The next issue that needs to be discussed is the difference between the Calcium-phosphorus ratio of a product or diet vs the total amounts of calcium and phosphorus in that diet.
I am making this point because too many people make the mistake of equating the two. The Ca:P ratio tells us the amount of calcium relative to the amount of phosphorus — in the diet.
What it DOES NOT tell us is the ABSOLUTE AMOUNT of calcium (or phosphorus) in the diet. This means that diets with the same Ca:P ratio can have vastly different levels of calcium and phosphorus.
Let me give you an example. Suppose we have two dog food samples — 100 gm of each. We will call them Dog Food A and Dog Food B.
100 gm of Dog Food A contains …
§§ Calcium = 1 gm
§§ Phosphorus = 1 gm
100 gm Dog Food B contains …
§§ Calcium = 10 gm
§§ Phosphorus = 10 gm
Dog Food A and Dog Food B each have the same Ca:P ratio (1:1)
HOWEVER, Dog Food B has ten times the levels of Calcium (and phosphorus) as Dog Food A.
This brings us to the question of the calcium (and phosphorus) ratios and requirements of growing dogs vs adult dogs. Adult dogs can maintain adequate calcium levels in their body, even where the levels of calcium in the diet are quite low. The adult dog will simply take enough calcium from its food to maintain both its bones and the correct calcium levels elsewhere in its body.
What we are observing here is the adult dog maintaining its calcium levels as opposed to building new bones. Of course there is a point, below which there will be insufficient calcium in the diet to maintain these calcium levels; an all-meat diet is an obvious example.
Please note that all canine diets, whether based on FIF or BARF principles, have plenty of phosphorus. This is because they are high in protein, which is always high in phosphorus!
Look with me now at someone feeding a raw food diet to an adult dog.
Let’s assume that the diet currently being fed includes a level of RMB’s at around the five percent level. In this case, the calcium to phosphorus ratio might be 1:20 (one gram of calcium for every twenty grams of phosphorus — or may be even a wider ratio — 1:50 perhaps).
In general, we would not expect this to cause a problem. There will be enough calcium in the diet to maintain both skeletal calcium levels and provide for all other bodily functions dependent on calcium.
The dog will simply extract — from the food — the calcium it requires.
In other words — and getting back to the question under discussion — the “Nutritionist” you are quoting is quite correct — but only for adult dogs.
And that is the point to notice. My worry is that people will see this recommendation and think that it applies to growing puppies or lactating females.
It does not!
The calcium requirements for growing canines are quite different compared to adult canines.
The growing canine is NOT maintaining its bones;
The growing canine is FORMING or BUILDING its bones.
To build its bones requires high levels of calcium in the diet AND a ratio between CA & P where the levels of calcium and phosphorus are roughly equal (1:1) or where there is a slight excess of calcium over phosphorus — which can be a ratio of around 2 parts of calcium to one part of phosphorus (2:1).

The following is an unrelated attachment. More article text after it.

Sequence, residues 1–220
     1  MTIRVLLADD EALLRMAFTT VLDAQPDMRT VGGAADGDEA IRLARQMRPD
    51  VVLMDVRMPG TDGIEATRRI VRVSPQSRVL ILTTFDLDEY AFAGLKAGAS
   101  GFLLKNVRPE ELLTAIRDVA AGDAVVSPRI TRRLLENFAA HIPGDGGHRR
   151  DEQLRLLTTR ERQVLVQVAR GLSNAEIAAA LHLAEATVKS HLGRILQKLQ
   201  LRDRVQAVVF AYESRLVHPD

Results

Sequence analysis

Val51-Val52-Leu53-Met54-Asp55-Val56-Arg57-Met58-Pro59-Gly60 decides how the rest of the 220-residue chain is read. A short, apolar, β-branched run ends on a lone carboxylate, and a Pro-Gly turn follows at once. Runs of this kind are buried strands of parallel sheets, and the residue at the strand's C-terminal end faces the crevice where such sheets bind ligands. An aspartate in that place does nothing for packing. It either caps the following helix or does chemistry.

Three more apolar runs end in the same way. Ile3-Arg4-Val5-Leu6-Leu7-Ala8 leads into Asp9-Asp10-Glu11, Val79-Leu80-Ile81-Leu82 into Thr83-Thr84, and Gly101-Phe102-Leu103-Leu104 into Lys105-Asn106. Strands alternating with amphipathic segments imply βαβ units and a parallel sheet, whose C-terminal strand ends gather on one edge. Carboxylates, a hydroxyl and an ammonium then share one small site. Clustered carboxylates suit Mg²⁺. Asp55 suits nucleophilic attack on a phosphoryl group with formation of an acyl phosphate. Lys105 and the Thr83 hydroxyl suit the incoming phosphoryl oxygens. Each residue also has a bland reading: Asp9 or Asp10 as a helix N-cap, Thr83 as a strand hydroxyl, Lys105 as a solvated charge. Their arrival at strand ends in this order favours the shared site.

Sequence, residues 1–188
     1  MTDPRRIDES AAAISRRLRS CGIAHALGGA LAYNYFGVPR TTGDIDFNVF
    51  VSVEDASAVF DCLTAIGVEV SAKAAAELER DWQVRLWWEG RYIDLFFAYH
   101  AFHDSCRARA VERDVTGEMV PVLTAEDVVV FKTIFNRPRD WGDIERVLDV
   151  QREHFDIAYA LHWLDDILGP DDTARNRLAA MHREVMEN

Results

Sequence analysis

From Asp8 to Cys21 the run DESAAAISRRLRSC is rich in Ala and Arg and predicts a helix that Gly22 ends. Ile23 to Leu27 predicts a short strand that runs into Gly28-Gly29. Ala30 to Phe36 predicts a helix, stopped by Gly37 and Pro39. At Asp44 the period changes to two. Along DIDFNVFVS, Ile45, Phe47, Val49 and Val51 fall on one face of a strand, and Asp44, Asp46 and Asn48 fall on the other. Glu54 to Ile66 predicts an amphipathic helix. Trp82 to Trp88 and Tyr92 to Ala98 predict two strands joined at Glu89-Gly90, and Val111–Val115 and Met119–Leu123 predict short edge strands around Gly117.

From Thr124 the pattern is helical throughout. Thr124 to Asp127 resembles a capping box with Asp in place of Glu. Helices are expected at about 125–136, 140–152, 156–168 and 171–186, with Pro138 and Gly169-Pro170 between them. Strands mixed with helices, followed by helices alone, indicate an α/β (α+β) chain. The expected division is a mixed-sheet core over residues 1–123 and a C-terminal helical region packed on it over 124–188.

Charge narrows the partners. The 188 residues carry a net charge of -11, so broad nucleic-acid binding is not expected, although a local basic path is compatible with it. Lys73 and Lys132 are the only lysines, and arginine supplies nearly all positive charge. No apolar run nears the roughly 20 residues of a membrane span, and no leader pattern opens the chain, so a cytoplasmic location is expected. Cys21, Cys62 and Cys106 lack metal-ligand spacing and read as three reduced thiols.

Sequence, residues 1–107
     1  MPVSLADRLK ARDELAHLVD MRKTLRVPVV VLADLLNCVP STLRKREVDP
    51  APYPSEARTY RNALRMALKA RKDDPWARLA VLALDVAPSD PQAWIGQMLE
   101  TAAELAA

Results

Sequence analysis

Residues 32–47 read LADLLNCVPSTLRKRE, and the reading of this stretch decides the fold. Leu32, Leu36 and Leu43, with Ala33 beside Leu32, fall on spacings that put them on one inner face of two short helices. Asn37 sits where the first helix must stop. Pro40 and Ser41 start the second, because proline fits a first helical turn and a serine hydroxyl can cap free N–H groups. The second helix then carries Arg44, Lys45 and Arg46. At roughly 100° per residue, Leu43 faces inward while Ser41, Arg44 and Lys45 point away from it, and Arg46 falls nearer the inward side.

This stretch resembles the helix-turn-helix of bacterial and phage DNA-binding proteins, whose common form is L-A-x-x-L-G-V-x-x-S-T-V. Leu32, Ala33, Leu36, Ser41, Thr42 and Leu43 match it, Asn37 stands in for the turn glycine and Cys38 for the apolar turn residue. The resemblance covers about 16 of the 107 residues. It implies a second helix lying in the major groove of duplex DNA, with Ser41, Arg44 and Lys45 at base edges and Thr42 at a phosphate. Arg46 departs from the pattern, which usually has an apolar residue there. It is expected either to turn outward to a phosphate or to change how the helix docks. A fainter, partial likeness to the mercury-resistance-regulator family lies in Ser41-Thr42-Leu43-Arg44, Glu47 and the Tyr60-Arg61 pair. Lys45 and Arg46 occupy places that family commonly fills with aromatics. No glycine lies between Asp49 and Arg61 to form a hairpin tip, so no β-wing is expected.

The BARF Diet is able to do this beautifully; however, there are still limits when it comes to growing canines.
Although evolutionary nutrition is very flexible in terms of how many raw meaty bones we need to supply, in my experience, the lowest we should go for growing canines is 20% RMB’s and even then I prefer it to be higher.
That is why I recommend between 30% and 60% RMB’s in the diet (where there is an equal amount of meat and bone in those RMB’s).
This level of RMB’s provides an amount of calcium and a ratio of calcium to phosphorus, which assures us of healthy bone growth in pups.
Please also note that at this level, there will be NO HARM TO AN ADULT DOG — thanks to those homeostatic mechanisms mentioned earlier — where both the adult and the juvenile each take what they need and leave the rest.
However — and this is important — those homeostatic mechanisms will only function fully normally, when the calcium is supplied as Biologically Appropriate Raw Food. (An evolutionary nutrition principle)
To help you understand this principle, consider the following …
Compare two pups, one eating a diet with 10% RMB’s and another being fed a diet containing 60% RMB’s.
If those diets were formulated to have the same Ca:P ratio (quite simple to do), the diet with 60% RMB’s would have around six times the amount of calcium as the diet with 10% RMB’s.
We will now follow these two pups as they go about their daily business. I am particularly interested to look at their stools. We will find that both of these pups form stools that turn white in the sun.
This is because MOST of the calcium present in the RMB’s passes through the pup’s digestive tract unabsorbed.
This is important.
As scavengers, our dogs have an evolutionary history of bone consumption—this is outlined in my writings and forms a basic principal of evolutionary nutrition for dogs.
As scavengers, our pups have evolved requiring bones as their preferred and ideal source of calcium (in the context of a raw evolutionary programme of nutrition of course!). If insufficient bones are supplied, they will suffer from a calcium deficiency, which is related to an incorrect calcium-phosphorus ratio (too much phosphorus), with resulting health problems, including joint and skeletal ill health.
If sufficient bones are supplied they will take the calcium they need and develop in a healthy way — and that includes their skeleton and joints. The take-home point is that because growing canines — as scavengers — have evolved eating a diet high in bones, evolutionary principles dictate that is the best way to feed canine pups.